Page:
“It has, I suppose, evolved into something that I can’t really relate to any more. I love style, and tend to buy things that will last a long time,” he says. “And if I can’t relate to it, then I think how do men outside of London, outside of our fashion bubble, relate to it? I don’t think they really do.”
Men beyond the fashion bubble do seem to relate to the non-fashion Gandy, who is a mainstay of the street style photographs taken outside the shows. Designer Oliver Spencer, whose shows are always a highlight of LFWM, named a two-tone brown suede bomber jacket after Gandy because he’d seen him wearing one like it: a tribute to the model’s clout.
Gandy, in turn, praises Spencer’s casting of a broad spectrum of sizes, shapes, shades and ages to model his wears, which perhaps speaks to a wider demographic. “But you still have these brands who are using very young, skinny boys,” Gandy adds. “And I think it’s just not relatable.”
Bucking that trend was what enabled Gandy, who used to get sent home from castings for being too big (he couldn’t get his legs in the trousers at a Dior fitting), to make such a splash. In Domenico Dolce’s articulation, Gandy embodied “a universal ideal of masculine beauty between Michelangelo’s David and those chiselled Greek and Roman sculptures of the classic era”.
Eleven years later, Gandy is still repping Light Blue, which remains Dolce & Gabbana’s bestselling fragrance. That kind of consistency is pretty remarkable in an industry of constantly changing faces. But then that’s the thing about not-fashion classics: they don’t go out of it.
The ‘Other’ David Gandy
Perhaps because of that exotic ad campaign, his personal style or his penchant for racing fast cars and power boats, Gandy, a risk-taker, is perceived by some as a sort of real-life James Bond. The truth is, these days, that’s just the alter ego. In reality, he’s more likely to be walking the dog than trotting the globe. He only flies 20 or 25 times a year: still a lot by some people’s standards, but not compared to the 80 or 90 times a year that he did at points in his 16-year career.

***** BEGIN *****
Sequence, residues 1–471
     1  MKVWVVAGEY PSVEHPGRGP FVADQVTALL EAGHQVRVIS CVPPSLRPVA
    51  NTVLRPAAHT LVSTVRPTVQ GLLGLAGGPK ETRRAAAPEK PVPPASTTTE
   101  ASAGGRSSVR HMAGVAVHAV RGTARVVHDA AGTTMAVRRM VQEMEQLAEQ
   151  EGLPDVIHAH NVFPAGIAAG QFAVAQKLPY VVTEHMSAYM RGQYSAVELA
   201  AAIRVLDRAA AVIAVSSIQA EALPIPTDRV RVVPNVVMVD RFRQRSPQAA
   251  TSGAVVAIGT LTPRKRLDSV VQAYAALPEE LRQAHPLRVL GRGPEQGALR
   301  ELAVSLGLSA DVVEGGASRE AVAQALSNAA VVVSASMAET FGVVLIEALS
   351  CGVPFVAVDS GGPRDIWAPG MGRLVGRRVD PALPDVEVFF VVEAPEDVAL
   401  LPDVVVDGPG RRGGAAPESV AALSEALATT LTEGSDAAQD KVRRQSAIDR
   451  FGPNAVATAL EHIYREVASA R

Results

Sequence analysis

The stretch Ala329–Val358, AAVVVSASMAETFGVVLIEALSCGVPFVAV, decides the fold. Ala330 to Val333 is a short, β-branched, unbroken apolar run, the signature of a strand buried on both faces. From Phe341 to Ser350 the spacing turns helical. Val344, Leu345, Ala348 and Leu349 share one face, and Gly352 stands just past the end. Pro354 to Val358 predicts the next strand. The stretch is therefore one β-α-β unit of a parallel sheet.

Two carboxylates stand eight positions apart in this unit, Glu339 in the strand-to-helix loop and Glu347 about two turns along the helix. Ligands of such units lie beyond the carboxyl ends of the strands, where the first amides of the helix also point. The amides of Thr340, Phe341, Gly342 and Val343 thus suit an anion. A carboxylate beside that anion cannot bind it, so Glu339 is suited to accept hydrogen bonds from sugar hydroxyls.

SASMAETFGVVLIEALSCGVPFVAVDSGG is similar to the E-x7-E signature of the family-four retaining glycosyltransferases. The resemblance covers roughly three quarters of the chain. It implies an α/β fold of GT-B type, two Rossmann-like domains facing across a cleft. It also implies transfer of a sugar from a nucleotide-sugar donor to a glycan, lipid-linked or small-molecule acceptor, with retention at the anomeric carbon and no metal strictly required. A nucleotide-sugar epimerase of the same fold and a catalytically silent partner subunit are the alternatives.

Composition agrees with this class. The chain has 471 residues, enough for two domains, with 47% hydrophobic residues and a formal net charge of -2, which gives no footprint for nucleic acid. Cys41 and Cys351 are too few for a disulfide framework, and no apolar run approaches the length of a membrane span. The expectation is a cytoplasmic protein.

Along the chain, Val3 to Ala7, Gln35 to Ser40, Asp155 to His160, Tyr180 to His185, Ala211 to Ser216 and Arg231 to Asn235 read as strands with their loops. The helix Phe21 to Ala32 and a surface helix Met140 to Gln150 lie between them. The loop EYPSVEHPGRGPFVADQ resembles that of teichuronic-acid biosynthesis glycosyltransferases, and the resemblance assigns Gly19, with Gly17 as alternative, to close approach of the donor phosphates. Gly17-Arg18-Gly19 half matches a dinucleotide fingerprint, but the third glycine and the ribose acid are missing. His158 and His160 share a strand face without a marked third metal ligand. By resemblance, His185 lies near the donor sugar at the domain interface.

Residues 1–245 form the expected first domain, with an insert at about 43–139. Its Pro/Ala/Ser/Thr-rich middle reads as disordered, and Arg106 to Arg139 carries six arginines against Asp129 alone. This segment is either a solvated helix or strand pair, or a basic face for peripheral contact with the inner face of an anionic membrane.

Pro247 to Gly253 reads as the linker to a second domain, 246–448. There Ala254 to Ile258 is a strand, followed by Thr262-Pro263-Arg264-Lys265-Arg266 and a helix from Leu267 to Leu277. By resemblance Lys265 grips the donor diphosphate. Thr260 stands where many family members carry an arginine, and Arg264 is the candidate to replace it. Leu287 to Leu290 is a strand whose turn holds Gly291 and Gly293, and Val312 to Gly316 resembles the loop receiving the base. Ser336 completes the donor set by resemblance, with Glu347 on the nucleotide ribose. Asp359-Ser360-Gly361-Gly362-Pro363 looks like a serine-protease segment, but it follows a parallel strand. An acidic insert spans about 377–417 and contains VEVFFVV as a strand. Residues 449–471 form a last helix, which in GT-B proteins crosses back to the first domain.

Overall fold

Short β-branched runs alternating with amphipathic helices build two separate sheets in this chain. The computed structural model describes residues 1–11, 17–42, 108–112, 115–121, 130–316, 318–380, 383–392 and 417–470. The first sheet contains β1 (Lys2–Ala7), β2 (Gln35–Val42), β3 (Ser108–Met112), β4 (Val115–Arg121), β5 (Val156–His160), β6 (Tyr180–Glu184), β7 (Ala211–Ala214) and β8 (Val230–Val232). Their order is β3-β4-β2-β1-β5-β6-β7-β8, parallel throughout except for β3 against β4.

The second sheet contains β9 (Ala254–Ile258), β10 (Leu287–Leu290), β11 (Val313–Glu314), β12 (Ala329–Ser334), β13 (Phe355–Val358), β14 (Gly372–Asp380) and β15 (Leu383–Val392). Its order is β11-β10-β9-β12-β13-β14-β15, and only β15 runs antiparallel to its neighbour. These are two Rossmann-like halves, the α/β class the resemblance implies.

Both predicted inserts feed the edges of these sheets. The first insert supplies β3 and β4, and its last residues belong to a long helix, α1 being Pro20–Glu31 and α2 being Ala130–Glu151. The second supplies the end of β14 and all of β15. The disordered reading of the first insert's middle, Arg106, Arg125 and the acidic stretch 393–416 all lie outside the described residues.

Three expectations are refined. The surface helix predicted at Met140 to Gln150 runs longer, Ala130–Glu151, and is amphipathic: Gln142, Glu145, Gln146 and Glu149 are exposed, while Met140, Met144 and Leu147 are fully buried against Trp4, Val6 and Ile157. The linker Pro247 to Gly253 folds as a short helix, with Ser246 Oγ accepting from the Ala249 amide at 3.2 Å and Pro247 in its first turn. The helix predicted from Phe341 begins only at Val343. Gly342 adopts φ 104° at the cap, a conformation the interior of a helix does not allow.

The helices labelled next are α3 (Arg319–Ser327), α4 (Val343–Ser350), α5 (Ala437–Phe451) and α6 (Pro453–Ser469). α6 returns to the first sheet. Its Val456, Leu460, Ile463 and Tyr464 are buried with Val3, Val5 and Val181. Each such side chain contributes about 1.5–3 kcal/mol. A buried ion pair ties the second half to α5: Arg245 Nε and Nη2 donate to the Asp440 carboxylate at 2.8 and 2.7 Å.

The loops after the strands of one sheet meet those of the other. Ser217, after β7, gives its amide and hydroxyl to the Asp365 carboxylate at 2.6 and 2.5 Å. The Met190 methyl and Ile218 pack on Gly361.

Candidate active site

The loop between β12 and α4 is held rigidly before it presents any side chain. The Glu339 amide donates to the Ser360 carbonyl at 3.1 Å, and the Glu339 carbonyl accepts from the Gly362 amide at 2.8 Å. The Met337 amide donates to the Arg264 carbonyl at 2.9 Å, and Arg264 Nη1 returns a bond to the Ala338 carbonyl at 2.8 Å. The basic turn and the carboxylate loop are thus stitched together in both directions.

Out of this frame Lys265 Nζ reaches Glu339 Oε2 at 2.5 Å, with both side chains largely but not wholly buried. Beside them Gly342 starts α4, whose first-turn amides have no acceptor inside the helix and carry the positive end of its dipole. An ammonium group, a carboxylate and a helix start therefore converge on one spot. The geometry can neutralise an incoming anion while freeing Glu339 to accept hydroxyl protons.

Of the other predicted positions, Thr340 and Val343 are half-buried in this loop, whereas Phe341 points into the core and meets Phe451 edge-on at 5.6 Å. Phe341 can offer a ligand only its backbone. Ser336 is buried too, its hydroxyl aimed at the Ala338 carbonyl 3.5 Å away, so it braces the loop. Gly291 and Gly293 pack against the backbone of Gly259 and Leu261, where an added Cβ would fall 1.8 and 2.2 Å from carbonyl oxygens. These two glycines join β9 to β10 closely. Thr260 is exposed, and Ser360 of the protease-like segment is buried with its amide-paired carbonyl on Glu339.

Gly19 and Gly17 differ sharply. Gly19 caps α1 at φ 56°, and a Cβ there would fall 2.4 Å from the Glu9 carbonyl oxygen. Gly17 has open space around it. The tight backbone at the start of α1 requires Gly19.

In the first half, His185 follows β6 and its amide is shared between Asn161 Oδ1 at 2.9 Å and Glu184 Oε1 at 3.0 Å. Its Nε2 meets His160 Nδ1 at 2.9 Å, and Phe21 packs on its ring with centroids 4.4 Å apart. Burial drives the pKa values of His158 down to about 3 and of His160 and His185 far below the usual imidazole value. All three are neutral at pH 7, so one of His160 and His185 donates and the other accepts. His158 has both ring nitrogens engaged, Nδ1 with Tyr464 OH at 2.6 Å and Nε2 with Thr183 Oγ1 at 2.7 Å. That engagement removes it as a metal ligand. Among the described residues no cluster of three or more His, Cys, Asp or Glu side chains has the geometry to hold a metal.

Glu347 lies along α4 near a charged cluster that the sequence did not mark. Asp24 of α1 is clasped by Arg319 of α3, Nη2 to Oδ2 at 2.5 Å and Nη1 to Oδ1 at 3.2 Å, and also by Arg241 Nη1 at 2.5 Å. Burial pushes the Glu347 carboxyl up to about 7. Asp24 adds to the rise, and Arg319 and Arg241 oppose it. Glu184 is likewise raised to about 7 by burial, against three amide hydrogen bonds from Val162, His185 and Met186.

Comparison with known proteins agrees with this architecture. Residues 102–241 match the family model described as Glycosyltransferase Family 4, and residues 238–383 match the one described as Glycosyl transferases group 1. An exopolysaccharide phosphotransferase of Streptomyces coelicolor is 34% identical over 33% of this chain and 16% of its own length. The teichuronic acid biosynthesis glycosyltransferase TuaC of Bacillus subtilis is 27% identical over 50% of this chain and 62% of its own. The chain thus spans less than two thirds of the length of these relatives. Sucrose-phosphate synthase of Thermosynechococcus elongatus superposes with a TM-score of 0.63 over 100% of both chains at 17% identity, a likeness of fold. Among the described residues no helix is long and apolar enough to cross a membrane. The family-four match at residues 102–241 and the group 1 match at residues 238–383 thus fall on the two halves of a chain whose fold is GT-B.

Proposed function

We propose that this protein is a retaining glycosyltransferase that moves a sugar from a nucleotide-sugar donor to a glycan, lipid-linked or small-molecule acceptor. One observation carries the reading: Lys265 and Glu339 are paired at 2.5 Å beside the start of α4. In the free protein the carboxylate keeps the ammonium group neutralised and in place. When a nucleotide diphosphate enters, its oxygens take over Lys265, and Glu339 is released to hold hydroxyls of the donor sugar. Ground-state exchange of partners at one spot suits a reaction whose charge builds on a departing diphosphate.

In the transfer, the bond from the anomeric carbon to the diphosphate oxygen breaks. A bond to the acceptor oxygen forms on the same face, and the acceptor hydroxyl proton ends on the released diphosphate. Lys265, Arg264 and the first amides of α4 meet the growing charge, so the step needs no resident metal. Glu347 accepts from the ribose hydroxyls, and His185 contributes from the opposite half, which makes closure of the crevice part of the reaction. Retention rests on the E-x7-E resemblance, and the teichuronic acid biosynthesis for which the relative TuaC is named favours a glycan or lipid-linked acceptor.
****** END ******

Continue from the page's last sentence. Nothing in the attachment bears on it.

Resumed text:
“I honestly do miss travelling,” he says. “I’m not really a routine person, so I’ve had to get used to that.” By force of habit, his washbag is still permanently packed and ready to go.
While he misses travelling though, he doesn’t mourn it. “It was great in my twenties and early thirties, but things have changed,” he says. He’s become more grounded, for one. “And there are things I love about it. I love getting up in the morning, taking the dog for a walk; getting home, taking the dog for a walk: having a bit more routine. I can actually go to things, and I can actually say to people, ‘Yeah, I will be around.’”
Gandy is going to need to be around more: his girlfriend, criminal lawyer Stephanie Mendoros, is pregnant with their first child, due in November. Like most expectant fathers, his emotions are mixed. “Excited,” he says. “Obviously apprehensive. It’s our first and I don’t think anybody is particularly prepared to suddenly be responsible for a human being for the next 18 years. I always think there should be a test.”
Having Dora for two years though is arguably the next best thing to a parenthood exam. “She’s still alive and very well, and enjoying life, spoilt brat that she is,” laughs Gandy. “I’m not comparing dogs to children, but it’s a really good test within your relationship, if you can dedicate your life to that dog. I don’t think Dora’s ever been on her own for more than three hours.”
Thinker, Tailor, Model …Shy?
Gandy admits to feeling like a spare part for now while mum does the hard work (although he has painted the nursery, and cooks), or worrying about what kind of dad he’ll be. “There’s always doubts in the back of your head, whether you’re going to be a good parent or not,” he says. Aside from his own parents, he’s taken copious notes from his grandparents and his sister, who has five children and is expecting her sixth.
In turn, he hopes that his offspring will take after its mother. “My girlfriend is so much more outgoing than me,” he says. “I hope the baby has my girlfriend’s personality, and confidence, and charisma, and intelligence. I’m not sure what I hope to bring…”
It’s an even stranger admission for a top male model, but Gandy is not confident, at least not in the chest-out peacock way you might expect. “I’m actually a very shy person,” he says. “I still panic every time I go on a red carpet. I want the car to drive off with me in it.” Modelling would seem an odd choice of career, but then of course he didn’t really choose it: famously, he was entered into a modelling competition on ITV’s This Morning by his flatmate, which he promptly won.
He’s never shaken the imposter syndrome: “After every campaign, I think, ‘Well, that was lovely, it’s going to be my last one, that’s it.’” He’s very happy to be behind the camera more, directing short films for watch brand Breitling about the RAF’s centenary earlier this year.
Gandy didn’t emerge from the womb a marble-sculpted Adonis: he was teased at school for being chubby and well-spoken, the latter something his dad insisted on, seeking refuge in the library. (Because of that, he’s an ambassador for educational charity Achievement For All.) Self-consciousness about his physique drove him into the gym. He doesn’t lift as heavy weights as he used to, partly because of wear and tear to his rotator cuff and back, and partly because he doesn’t want to anymore. Instead, he stays in shape with lighter weights, supersets and, yes, dog walking.